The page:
Beyond an environmental history of the space race: Free lecture at NJIT

October 12, 2010

Historians usually depict the space race of the 1960s and 1970s as a pitched technological battle between Cold War political rivals. Yet while U.S. and Soviet spacecraft forced the world to look upward towards the Moon, they also, quite ironically, encouraged citizens across the globe to gaze back down at "spaceship Earth" with a newfound environmental awareness.

The next NJIT Technology and Society Forum presentation will be held Nov. 3, 2010 at 3-4:30 p.m. in the Campus Center Atrium when historian Neil Maher, chair of the history department, discusses the influence of the environmental history of the space race and the divisive politics of the "long 1960s."

The free event is open to the public.

Maher will also detail how this series of events even touched the Civil Rights, Women's, Environmental, and anti-Vietnam War movements. The ultimate goal of Maher's current research in this area is to focus attention not only on the historic significance of NASA, but more importantly on how the space race and nature's role within it shaped the politics and culture of post-World War II America.

An associate professor in the NJIT Federated History Department, Maher teaches environmental and political history. He has published articles in journals that include the Western Historical Quarterly, Environmental History and the Chronicle of Higher Education, edited a collection of essays by historians, scientists, and policy analysts titled New Jersey's Environments: Past, Present, and Future (Rutgers University Press, 2006), and co-edited a special issue of the Radical History Review titled "Transnational Environments: Rethinking the Political Economy of Nature in a Global Age" (Duke University Press, 2010). In January of 2008, Oxford University Press published his book, Nature's New Deal: The Civilian Conservation Corps and the Roots of the American Environmental Movement, which received the Charles A. Weyerhaeuser Book Award for the best monograph in conservation history.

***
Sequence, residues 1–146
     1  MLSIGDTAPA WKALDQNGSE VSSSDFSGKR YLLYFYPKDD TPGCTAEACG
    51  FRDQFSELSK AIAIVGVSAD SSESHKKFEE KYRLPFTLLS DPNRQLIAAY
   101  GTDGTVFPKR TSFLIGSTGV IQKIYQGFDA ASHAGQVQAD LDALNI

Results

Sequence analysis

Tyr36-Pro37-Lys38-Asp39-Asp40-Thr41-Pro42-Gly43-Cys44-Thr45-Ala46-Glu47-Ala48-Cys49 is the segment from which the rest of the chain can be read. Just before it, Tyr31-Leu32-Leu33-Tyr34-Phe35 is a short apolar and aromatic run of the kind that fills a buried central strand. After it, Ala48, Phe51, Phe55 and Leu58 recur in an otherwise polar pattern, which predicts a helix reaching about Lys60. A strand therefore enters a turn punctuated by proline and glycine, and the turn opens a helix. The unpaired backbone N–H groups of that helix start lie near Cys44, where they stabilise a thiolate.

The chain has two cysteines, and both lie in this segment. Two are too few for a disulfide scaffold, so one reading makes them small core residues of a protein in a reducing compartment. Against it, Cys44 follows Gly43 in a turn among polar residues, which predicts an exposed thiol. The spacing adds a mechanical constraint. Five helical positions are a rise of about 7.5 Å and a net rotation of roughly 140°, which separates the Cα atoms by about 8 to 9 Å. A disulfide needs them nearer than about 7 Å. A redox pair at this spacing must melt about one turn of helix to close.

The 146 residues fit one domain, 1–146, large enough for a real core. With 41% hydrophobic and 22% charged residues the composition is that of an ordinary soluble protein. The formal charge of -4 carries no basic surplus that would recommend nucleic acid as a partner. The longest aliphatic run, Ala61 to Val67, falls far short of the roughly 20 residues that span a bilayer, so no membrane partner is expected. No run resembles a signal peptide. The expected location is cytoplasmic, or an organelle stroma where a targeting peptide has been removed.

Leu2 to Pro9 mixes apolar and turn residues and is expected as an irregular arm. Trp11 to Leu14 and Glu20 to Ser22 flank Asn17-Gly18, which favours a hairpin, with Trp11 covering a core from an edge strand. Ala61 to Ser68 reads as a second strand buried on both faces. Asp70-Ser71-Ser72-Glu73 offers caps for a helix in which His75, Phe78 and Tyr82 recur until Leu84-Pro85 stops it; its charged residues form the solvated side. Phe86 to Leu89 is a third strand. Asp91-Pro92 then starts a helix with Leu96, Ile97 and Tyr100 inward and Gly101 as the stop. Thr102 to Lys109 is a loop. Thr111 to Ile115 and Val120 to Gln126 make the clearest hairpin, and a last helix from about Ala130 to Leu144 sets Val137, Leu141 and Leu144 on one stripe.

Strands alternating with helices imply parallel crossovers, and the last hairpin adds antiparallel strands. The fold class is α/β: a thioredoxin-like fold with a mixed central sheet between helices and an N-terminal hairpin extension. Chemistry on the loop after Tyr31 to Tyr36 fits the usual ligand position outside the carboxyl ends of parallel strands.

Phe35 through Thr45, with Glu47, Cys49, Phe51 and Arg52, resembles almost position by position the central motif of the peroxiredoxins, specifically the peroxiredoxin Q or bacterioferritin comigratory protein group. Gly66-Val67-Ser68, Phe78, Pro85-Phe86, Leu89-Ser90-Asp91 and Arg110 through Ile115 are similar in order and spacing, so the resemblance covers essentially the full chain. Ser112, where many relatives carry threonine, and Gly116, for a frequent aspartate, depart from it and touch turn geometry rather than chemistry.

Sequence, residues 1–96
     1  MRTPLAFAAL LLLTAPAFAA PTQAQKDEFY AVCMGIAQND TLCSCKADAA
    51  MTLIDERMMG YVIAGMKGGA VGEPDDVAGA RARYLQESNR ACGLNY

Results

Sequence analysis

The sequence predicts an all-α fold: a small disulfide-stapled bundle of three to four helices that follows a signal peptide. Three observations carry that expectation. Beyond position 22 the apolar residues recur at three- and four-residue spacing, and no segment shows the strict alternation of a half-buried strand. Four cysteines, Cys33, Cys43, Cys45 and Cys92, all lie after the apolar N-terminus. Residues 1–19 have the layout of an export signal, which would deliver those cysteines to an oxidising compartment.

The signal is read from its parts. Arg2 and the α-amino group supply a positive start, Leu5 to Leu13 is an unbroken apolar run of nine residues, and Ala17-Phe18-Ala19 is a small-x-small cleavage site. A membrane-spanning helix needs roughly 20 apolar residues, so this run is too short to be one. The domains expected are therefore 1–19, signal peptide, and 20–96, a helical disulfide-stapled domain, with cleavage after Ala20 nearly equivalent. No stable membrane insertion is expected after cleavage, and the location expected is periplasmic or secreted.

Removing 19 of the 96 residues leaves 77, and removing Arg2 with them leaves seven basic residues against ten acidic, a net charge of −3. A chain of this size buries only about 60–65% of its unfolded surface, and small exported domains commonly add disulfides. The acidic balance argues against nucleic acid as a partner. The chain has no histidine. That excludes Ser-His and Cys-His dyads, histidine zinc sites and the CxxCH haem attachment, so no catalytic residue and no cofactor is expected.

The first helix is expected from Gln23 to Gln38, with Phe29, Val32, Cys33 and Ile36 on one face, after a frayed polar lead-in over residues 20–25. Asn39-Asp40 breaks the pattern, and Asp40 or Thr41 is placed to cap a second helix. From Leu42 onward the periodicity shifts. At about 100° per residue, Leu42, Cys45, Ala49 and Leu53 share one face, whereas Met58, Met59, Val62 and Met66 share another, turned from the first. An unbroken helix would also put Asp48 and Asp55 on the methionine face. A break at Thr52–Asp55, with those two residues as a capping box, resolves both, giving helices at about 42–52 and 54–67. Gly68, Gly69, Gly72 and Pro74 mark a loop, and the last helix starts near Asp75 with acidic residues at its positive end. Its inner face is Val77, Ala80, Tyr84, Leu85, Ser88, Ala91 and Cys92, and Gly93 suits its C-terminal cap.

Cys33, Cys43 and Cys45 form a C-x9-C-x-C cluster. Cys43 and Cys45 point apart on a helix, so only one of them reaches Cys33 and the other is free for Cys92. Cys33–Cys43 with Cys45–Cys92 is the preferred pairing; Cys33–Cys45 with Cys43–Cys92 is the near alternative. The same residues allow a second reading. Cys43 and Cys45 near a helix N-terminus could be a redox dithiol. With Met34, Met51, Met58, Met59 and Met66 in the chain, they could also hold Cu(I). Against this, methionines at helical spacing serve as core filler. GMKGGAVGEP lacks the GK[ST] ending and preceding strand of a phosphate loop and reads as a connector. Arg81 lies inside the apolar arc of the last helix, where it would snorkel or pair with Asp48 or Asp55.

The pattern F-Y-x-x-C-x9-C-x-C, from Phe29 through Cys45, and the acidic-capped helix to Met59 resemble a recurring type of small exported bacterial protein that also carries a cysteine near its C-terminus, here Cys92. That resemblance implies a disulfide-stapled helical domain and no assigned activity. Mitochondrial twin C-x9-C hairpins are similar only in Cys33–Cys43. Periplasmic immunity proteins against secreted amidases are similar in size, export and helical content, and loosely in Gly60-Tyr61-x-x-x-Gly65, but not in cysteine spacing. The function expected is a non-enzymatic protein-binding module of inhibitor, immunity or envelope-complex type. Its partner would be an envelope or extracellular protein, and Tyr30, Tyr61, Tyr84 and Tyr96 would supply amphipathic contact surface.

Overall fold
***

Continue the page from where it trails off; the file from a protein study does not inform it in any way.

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For more information: Contact Jay Kappraff, kappraff@adm.njit.edu or 973-596-3490. Visit the NJIT Technology and Society Forum on the Web at http://tsf.njit.edu.

Previous Forum presentations are available at http://itunes.njit.edu; search for "Technology and Society Forum."

NJIT, New Jersey's science and technology university, enrolls more than 8,900 students pursuing bachelor's, master's and doctoral degrees in 120 programs. The university consists of six colleges: Newark College of Engineering, College of Architecture and Design, College of Science and Liberal Arts, School of Management, College of Computing Sciences and Albert Dorman Honors College. U.S. News & World Report's 2009 Annual Guide to America's Best Colleges ranked NJIT in the top tier of national research universities. NJIT is internationally recognized for being at the edge in knowledge in architecture, applied mathematics, wireless communications and networking, solar physics, advanced engineered particulate materials, nanotechnology, neural engineering and e-learning. Many courses and certificate programs, as well as graduate degrees, are available online through the Office of Continuing Professional Education.

New Jersey Institute of Technology

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